With the support of the Sullivan Foundation and the American Foundation for AIDS Research TREAT Asia initiative, the CHC starts a pioneering at-home AIDS treatment program for AIDS patients built upon its TB treatment model. The program is based on the successful CHC TB model, using community health workers, patient supporter, education, treatment contracts, and food. It allows patients to receive care near their homes so they do not have to seek care in Phnom Penh where cut off from social supports they often end up homeless, sick and dying.
CHC opens an AIDS clinic and inpatient ward at the Svay Rieng Provincial Hospital, the first rural Cambodian managed AIDS project.
Thim and Goldfeld publish results of community-based TB treatment in JAMA. Their work ensconces the practice of combining microloans with food aid and home DOTS in TB and global health care.
|2003||As an outcome of the CIPRA planning process, the CHC develops a proposal to carry out the CAMbodian Early vs. Late Introduction of Antiretrovirals (CAMELIA) trial, which will establish the best timing of medication regimens for patients with both TB and AIDS. The study, the first of its kind, receives funding from the French ANRS and will be done in collaboration with the US NIH funded CIPRA.
To raise global awareness of AIDS and TB, Goldfeld initiates a project with photojournalist James Nachtwey to document the twin epidemics in Cambodia. His photoessay, TB in Cambodia, is part of a portfolio that garners the Magazine Photographer of the Year award from the National Press Photographers Association.
With support from the Jeanne and Joseph Sullivan Foundation CHC is able to buy AIDS drugs for 100 patients for one year. Dr Didier Laureillard, the medical coordinator of MSF France's pioneering AIDS treatment program in Phnom Penh serves as an advisor to CHC.
|2002||CHC receives planning grant from the United States National Institutes of Health under the Comprehensive International Program of Research on AIDS (CIPRA) to establish a TB and AIDS clinical and research network throughout Cambodia. This leads to an extensive planning process engaging the French Agence Nationale Recherches sur le Sida and Cambodian governmental health agencies to achieve this goal.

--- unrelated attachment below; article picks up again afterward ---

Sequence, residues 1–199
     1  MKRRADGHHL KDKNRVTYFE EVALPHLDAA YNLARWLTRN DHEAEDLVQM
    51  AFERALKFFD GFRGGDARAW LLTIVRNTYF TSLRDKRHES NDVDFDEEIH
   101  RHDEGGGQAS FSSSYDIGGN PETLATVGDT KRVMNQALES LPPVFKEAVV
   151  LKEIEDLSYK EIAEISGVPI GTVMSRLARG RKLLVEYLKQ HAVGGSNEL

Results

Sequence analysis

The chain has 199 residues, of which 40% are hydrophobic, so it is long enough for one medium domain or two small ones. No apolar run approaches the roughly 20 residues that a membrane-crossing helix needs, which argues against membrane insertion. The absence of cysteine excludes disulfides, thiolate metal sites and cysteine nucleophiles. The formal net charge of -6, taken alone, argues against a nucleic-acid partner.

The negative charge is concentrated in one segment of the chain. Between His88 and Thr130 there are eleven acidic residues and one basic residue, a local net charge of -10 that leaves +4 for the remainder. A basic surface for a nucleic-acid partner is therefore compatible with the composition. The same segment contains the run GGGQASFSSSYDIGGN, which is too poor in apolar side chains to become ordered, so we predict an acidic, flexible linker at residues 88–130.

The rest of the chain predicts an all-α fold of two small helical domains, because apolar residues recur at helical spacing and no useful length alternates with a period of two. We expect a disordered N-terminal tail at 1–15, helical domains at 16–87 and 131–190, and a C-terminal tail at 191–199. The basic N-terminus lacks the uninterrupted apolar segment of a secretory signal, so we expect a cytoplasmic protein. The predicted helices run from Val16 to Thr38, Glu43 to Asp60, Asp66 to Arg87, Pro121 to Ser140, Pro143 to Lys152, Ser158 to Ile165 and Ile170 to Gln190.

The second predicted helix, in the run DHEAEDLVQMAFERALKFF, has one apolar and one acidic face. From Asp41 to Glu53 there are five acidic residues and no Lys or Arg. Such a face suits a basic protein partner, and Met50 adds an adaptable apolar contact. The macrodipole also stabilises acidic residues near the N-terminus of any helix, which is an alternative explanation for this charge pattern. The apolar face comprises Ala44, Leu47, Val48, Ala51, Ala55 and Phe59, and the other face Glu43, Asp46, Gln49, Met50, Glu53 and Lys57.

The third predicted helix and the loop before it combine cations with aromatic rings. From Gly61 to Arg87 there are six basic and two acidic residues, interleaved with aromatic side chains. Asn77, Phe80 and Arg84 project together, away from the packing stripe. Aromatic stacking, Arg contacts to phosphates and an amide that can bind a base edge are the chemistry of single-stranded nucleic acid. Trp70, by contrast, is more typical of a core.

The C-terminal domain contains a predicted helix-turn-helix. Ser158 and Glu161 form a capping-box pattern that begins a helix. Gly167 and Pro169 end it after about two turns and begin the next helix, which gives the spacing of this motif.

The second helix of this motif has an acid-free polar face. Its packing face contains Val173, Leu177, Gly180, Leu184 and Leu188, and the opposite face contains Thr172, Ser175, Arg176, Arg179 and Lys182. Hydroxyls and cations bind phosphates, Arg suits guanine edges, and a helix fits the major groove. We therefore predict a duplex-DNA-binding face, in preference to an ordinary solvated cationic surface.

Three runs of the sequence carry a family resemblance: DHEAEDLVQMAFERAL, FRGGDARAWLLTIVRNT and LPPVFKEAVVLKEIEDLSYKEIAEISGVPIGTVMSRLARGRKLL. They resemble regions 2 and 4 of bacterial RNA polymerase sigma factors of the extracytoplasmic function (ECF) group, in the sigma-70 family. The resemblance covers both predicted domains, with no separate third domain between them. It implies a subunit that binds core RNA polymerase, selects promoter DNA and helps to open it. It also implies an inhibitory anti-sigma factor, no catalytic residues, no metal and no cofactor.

Goldfeld and Sok Thim return to Afg hanistan and Pakistan refugee camps (hear Chicago Public Radio interview). ARC subsequently establishes the largest health care program for Afghan refugees in the Quetta area and begins AIDS prevention activities in the camps. Goldfeld writes and speaks about the devastating TB problem in Afghanistan and its heavy toll on women.
|2001||CHC begins treating hard-to-cure cases of drug-resistant TB in Svay Rieng. The program treats people in their homes using community health workers, patient supporters and individually tailored regimens of drugs (DOTSPlus).
Goldfeld and Sok Thim spread the CHC model by traveling to Pakistan and Afghanistan with the American Refugee Committee to establish AIDS and TB treatment programs in refugee camps there.
CHC-USA incorporated as a tax-exempt 501(3)b charity.
|2000||Sok Thim and Goldfeld publish Curing Tuberculosis: A Manual for Developing Communities.
Goldfeld and team discover a unique immune reaction in patients that helps the TB bacterium evade host defenses. It is later found that this mechanism is a general mechanism by which the host immune system is regulated in many infectious diseases.
Goldfeld begins a long-term research project in the Peruvian highlands around Cusco. The study of Quechua people will help to understand the genetic causes for differences in the immune response to TB.
|1999||Home DOTS program begins: Mobile health teams fan out from district hospitals to deliver TB medications to villagers in remote locations daily. Health workers use village bank networks to seek out TB infected villagers for treatment.